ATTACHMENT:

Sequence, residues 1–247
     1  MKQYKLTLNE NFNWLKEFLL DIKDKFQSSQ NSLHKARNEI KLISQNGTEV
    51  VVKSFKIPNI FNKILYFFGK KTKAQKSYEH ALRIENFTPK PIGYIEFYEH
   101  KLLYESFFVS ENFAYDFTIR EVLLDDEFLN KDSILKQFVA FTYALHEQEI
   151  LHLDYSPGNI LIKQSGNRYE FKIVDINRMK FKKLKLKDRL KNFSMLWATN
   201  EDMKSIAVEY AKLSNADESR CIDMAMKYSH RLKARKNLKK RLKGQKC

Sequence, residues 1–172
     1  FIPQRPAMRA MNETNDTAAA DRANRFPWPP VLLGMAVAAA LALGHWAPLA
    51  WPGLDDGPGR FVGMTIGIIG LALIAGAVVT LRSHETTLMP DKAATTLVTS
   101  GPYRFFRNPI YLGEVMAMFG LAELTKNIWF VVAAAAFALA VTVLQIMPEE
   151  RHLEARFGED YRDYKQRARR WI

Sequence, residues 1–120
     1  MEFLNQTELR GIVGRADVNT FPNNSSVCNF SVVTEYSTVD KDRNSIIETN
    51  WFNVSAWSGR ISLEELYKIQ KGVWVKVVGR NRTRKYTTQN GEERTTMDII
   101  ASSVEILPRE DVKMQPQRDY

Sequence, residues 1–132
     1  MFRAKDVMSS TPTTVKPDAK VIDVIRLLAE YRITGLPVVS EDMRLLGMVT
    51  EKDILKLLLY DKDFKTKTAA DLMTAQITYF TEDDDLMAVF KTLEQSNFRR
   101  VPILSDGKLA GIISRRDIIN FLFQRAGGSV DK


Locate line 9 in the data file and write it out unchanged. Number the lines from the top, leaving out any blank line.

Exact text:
    51  WPGLDDGPGR FVGMTIGIIG LALIAGAVVT LRSHETTLMP DKAATTLVTS